What You Need to Know to lose weight without dieting

If your commitment to eat right, exercise, and lose weight always seems to lose its steam, you are not alone! Weight problems are not just about what you are eating, but why you are eating in the first place.

To see what I mean, ask yourself these questions. Do you think about food and eating more than you think you should? Do you feel guilty when you eat certain foods? Do you have trouble passing up tempting food even if you aren’t hungry? Do you often eat when you are bored, stressed, lonely, or angry? Do you eat differently in private than you do in public? Do you fluctuate between dieting and eating too much?

If you answered yes to most of these questions, you have probably discovered that dieting hasn’t really solved the problem. To help you understand why, lets take a look at three different eating styles: Over Eating, Restrictive Eating, and Instinctive Eating.

In “Over Eating” people eat because it is mealtime or because something looks good - whether they are hungry or not. They may also eat to distract themselves or cope with stress and emotions. They may reward, comfort, or entertain themselves with food. Their weight tends to go up and down depending on whether they are off or on their diet.

In “Restrictive Eating,” a person controls his or her weight by dieting. They decide when, what, and how much to eat based on the rules of the latest diet they are following. Since diet rules are always changing, they sometimes feel confused about what they should eat. They think of food as either “good” or “bad”—and they think of themselves as good or bad, depending on what they ate.

Now think about someone who doesn’t struggle with his or her weight. If you are having trouble thinking of someone like that, think of a baby or a young child. I call this “Instinctive Eating.” These people just seem to know when, what, and how much food they need. When their body needs fuel, they get hungry, triggering an urge to eat. They simply stop eating when their hunger is satisfied. Most of them really like to eat and seem to be able to eat whatever they want. However they will turn down even delicious food if they aren’t hungry.

You might believe that a person who eats instinctively has been blessed with willpower and a great metabolism. But the truth is, we were all born Instinctive Eaters. Its just that many of us “unlearned” our natural ability to know how much to eat. The good news is that you can relearn those skills if you are willing. I did! Here are some important steps to get you started.

1.Let go of the idea that there is a perfect diet that will finally solve your problems. The answer lies within you.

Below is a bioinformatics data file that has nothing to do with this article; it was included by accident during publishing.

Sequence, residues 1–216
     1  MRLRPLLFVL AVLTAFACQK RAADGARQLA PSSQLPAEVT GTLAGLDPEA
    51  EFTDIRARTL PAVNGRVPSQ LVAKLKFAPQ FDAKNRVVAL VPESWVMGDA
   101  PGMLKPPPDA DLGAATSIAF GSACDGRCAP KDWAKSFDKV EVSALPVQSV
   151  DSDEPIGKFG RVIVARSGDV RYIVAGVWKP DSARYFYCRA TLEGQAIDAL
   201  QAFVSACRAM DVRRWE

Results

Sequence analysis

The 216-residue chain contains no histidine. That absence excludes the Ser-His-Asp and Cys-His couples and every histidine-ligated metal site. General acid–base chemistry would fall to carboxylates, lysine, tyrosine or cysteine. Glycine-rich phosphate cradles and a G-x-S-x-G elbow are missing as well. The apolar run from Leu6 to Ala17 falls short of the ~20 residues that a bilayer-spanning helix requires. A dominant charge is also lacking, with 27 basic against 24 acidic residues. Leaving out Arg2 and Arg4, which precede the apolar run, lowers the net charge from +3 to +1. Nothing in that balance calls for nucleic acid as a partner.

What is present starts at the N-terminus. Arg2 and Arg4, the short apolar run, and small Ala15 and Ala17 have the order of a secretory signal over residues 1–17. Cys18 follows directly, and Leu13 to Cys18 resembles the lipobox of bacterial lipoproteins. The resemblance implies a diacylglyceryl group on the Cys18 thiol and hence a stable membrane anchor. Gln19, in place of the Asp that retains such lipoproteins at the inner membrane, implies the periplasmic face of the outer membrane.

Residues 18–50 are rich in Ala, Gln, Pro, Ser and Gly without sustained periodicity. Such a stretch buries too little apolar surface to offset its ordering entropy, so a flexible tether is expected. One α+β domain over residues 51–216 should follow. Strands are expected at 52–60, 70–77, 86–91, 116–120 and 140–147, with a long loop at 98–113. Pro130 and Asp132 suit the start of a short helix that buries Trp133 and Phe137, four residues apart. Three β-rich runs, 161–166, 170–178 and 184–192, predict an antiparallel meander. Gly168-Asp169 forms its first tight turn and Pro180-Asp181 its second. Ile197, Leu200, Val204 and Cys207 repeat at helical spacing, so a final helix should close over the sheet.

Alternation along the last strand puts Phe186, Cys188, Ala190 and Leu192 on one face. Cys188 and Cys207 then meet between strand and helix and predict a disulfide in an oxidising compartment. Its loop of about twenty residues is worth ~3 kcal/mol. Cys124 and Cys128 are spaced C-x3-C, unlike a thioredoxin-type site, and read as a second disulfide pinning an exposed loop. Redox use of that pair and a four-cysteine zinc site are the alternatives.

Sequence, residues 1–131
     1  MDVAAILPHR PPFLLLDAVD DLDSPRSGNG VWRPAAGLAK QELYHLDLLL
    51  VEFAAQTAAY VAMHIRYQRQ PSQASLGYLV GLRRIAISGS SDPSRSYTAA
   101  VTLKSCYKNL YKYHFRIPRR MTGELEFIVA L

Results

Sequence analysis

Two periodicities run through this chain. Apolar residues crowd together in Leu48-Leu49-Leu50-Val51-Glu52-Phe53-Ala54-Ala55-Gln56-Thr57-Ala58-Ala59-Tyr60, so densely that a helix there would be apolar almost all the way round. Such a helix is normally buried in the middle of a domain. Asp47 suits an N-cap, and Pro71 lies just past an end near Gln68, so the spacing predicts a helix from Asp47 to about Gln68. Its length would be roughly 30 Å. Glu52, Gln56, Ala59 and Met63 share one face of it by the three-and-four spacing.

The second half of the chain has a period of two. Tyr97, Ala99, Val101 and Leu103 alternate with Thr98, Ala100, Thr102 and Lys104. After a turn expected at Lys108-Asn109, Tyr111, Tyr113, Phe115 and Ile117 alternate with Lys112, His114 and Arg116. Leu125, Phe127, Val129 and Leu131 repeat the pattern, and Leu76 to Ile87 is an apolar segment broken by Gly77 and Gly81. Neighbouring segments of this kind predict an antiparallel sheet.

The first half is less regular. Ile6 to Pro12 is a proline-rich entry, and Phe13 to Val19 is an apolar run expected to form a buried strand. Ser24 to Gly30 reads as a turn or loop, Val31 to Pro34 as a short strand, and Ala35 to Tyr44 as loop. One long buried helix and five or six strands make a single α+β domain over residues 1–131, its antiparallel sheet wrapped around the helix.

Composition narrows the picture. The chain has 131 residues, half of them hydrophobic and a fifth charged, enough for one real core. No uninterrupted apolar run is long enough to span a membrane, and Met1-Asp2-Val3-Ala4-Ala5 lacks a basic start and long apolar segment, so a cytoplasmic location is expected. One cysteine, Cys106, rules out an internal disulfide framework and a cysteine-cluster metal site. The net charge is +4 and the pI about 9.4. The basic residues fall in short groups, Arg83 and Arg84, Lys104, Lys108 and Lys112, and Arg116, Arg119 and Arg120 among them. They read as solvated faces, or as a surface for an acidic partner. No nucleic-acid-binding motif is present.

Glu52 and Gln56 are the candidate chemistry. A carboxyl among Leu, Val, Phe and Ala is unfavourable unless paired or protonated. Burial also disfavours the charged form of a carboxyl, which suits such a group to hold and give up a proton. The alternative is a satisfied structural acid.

2.Whenever you have an urge to eat, instead of focusing on the food, first ask yourself, “Am I hungry?” Remember that hunger is a physical feeling. It is not the same thing as appetite, cravings, or the desire to eat.

3.If you are hungry, remember that there are no “good” or “bad” foods. You are less likely to overeat certain foods if you know that you can have them again when you really want them.

4.Stop eating when the hunger is gone but before you feel full, even if there is food left. Give up your membership to the Clean Plate Club!

5.If you are not hungry, ask yourself if something in your environment triggered your urge to eat and what you could do to reduce the trigger or distract yourself from it. For instance, could you put the candy dish out of sight or do something else for a while until you are actually hungry?

6.If there was an emotional trigger, ask yourself what you could do to better cope with that emotion. For instance, if stress triggered your urge to eat, could you try a relaxation exercise instead?

7.Don’t expect yourself to be perfect—it is not possible or even necessary.

By relearning to eat instinctively, you will see that eating to satisfy hunger is pleasurable and that it is good to eat foods that you enjoy. You will find that meeting your other needs in appropriate ways will bring balance and joy to your life. By learning these important skills, you will reach a healthier weight and a healthier lifestyle—without dieting!


About the Author

Michelle May, M.D. is a practicing Board Certified Family Physician with expertise in the cognitive-behavioral aspects of weight management. She is the author of Am I Hungry? What To Do When Diets Don’t Work in collaboration with a Registered Dietitian and Psychologist. Visit her website www.AmIHungry.com for free health information, or sign up for fun and interactive workshops to help you achieve your health and weight loss goals.